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China’s transportation grew by leaps and bounds over past four decades

Author  :  Lu Hang     Source  :    Chinese Social Sciences Today     2018-07-19

The second unit of China’s homegrown large passenger plane, the C919, takes off from Pudong International Airport in Shanghai, East China, Dec. 17, 2017. (XINHUA)

XI’AN—Over the past four decades of reform and opening up, the rapid growth of China’s transportation has contributed to economic and social development, and greatly improved the people’s mode of production and lifestyle. Today, China has a dense network of expressways and high-speed railways crisscrossing the country, as well as busy air and sea routes reaching every corner of the world.

“When traveling back home during the summer and winter vacations in college, I had to take a six-and-a-half-hour bus ride from Xi’an to Ganquan County. After arriving at the county, I would have to take a motorcycle and walk for several miles if I failed to catch the shuttle bus to my hometown,” said Xi’an citizen Yan Runhua who planned to drive his family back to visit relatives in northern Shaanxi on July 9.

Yan said that since the opening of the Baomao Expressway, he has preferred driving back home, which is more convenient and saves time.

Yan’s story reflects the tremendous growth of China’s transportation infrastructure. Today, China’s highway network is extending further, with the original 7918 national expressway network basically completed, which is composed of a grid of seven radial expressways from Beijing, nine north-south expressways, and 18 east-west expressways. The national and provincial trunk highways are connected to administrative districts at the county level or higher. The rural roads have reached nearly all established villages, and the formerly tight traffic capacity has been greatly enhanced.

Over the past 40 years, the constant influx of state investment in major infrastructure projects has driven the large-scale construction of China’s railway network. From the north to south, from the west to east, the railway is expanding out to every corner of the country.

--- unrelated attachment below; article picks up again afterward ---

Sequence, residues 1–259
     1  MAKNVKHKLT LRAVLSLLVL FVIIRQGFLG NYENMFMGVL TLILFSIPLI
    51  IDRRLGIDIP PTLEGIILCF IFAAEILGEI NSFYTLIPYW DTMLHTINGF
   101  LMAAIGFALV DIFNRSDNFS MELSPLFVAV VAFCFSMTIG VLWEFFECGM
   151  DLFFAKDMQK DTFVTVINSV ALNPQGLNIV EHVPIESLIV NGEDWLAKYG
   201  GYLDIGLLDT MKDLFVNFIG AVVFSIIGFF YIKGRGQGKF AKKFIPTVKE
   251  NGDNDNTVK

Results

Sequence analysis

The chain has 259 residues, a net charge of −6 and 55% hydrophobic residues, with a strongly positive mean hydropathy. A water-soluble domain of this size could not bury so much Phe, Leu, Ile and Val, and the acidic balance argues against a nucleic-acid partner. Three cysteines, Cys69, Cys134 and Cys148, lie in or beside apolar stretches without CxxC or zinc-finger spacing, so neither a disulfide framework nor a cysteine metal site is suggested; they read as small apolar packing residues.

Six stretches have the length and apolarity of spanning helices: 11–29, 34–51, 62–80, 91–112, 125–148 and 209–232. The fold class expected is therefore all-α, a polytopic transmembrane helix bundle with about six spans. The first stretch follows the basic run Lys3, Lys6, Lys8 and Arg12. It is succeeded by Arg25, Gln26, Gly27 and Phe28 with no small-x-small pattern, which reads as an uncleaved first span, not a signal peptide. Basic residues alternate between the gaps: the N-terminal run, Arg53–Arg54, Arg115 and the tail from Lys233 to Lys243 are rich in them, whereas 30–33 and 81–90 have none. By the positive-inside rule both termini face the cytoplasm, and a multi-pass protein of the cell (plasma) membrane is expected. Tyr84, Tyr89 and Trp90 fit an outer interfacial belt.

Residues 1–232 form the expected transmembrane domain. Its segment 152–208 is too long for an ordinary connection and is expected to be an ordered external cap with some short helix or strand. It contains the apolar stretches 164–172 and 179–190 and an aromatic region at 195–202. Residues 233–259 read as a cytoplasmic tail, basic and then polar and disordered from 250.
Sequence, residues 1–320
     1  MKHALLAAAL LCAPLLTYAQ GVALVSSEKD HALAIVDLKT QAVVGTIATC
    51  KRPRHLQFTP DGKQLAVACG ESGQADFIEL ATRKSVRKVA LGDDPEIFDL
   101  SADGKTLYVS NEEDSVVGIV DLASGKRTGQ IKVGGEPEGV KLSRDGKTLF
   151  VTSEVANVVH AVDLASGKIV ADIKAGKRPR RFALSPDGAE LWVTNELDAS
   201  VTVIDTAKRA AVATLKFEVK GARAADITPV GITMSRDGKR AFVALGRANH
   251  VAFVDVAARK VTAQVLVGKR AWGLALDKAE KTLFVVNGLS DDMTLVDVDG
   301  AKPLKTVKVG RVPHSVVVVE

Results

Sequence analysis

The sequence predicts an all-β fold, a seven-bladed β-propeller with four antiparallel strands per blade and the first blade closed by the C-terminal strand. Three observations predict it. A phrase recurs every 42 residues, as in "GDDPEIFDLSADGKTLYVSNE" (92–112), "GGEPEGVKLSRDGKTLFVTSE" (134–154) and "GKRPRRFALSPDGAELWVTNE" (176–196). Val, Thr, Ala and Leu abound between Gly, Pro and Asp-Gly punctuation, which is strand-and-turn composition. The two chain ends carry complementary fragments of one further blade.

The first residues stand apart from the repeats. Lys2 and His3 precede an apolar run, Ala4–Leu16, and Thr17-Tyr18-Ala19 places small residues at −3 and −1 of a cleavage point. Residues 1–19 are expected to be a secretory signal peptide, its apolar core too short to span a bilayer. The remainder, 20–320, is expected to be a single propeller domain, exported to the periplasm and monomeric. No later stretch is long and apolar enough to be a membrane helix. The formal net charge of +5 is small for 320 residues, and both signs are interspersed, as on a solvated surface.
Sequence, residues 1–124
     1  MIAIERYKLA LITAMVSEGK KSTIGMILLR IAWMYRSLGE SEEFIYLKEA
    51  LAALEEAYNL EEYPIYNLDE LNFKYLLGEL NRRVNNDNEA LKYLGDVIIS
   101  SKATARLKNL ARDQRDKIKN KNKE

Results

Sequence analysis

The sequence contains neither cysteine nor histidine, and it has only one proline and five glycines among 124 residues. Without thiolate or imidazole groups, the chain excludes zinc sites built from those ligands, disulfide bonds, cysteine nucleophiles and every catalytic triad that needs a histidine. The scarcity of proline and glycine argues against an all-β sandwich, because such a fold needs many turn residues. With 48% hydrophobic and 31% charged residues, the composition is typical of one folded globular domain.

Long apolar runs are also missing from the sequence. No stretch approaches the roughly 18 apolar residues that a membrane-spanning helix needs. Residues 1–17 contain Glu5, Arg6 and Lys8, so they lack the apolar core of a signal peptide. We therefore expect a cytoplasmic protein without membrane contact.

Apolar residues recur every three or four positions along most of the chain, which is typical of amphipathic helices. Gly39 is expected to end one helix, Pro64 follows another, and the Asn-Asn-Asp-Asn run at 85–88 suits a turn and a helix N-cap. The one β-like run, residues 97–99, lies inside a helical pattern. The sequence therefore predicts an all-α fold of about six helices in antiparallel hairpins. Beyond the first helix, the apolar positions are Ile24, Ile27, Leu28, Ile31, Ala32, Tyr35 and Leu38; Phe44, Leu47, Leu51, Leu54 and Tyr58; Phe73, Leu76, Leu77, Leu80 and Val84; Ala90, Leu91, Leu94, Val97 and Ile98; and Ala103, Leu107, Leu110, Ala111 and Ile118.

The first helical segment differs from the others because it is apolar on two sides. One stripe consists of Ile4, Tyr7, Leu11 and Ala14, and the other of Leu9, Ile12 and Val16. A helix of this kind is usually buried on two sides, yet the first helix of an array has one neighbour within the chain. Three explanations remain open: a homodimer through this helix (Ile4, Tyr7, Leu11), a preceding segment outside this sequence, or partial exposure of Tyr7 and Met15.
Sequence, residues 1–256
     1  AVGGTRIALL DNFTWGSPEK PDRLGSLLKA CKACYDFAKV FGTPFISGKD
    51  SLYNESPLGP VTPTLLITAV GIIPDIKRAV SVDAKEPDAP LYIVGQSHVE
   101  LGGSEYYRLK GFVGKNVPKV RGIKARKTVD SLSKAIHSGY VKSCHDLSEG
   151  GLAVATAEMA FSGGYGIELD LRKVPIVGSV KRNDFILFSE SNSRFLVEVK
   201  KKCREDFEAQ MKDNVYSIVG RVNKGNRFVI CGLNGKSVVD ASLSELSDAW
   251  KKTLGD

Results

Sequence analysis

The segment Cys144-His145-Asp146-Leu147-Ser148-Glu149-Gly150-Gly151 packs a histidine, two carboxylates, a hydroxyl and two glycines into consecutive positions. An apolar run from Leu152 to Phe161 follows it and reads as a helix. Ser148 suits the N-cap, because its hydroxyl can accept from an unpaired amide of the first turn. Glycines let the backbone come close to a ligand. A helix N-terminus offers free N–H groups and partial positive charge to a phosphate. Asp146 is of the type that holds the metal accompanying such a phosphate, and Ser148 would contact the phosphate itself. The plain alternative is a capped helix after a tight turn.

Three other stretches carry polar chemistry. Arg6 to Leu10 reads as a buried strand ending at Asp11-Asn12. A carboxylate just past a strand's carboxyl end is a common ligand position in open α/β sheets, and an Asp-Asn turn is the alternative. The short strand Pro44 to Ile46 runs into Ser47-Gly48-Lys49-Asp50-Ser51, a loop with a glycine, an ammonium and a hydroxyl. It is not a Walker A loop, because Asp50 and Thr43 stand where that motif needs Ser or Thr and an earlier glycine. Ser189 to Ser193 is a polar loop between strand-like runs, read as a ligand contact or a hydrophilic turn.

The world’s fastest test line for vacuum high-temperature superconducting magnetic levitation model trains is being built in Chengdu, and it is expected to be completed and put into trial before the end of the year, said Zhang Weihua, a professor at the Southwest Jiaotong University at the 2018 World Transport Convention on June 19. In theory, China’s super high-speed rail will be able to reach a speed of 1,500 kilometers per hour by 2021.

On May 5, 2017, China’s C919, a next-generation large airliner with completely independent intellectual property rights, took off and landed smoothly after a perfect flight of 1 hour and 20 minutes. This was an epoch-making moment in the history of China’s civil aviation, marking a breakthrough in domestic large aircraft technology.

China has formed a civil aviation network with Beijing, Shanghai, Guangzhou and other international hub airports at the core. Provincial capital cities and key regional urban hubs form the backbone while other trunk and regional airports play a supporting role.

Since the reform and opening up, China’s ports have been increasing in size, specialization and intelligent operation.The country ranks among the world’s leaders in port construction. In recent years, the fully automated Xiamen Yuanhai Container Terminal, Shanghai Yangshan Deep-Water Port’s Phase IV container terminal and Qingdao New Qianwan Container Terminal have been built.

China’s coastal areas have seen five modern port clusters formed around the Bohai Sea, the Yangtze River Delta, the southeast coast, the Pearl River Delta and the southwest coast. A comprehensive transportation system has basically been constructed including container, coal, oil, iron ore, grain, commodity vehicles, roll-on/roll-off cargo and passenger transportation.

Along with the development of the ports, the construction of China’s inland waterway infrastructure has blossomed, and the navigation conditions of the channels have been continuously improved. The inland waterway has a navigation mileage of 127,100 kilometers, with 13,600 kilometers of high-grade waterway.

Wang Hainian, deputy director of the School of Highway at Chang’an University, said China’s transportation industry in the new era is shifting its focus from engineering construction to management service, from scale and speed to quality and benefit, and people’s demand for transportation is changing from “having or not” to “good or not.”

From Fuxing bullet trains to Yangshan Port to C919, China continues to write new chapters in the field of transportation. Wu Chungeng, deputy director general of the Office of Policy Research at China’s Ministry of Transport, said that in the past 40 years of reform and opening up, the gap between China’s transportation and world-class levels has rapidly narrowed, and it has even surpassed them in some areas. A comprehensive transportation system that is modernizing is being presented to the world.

Editor: Li Yujie

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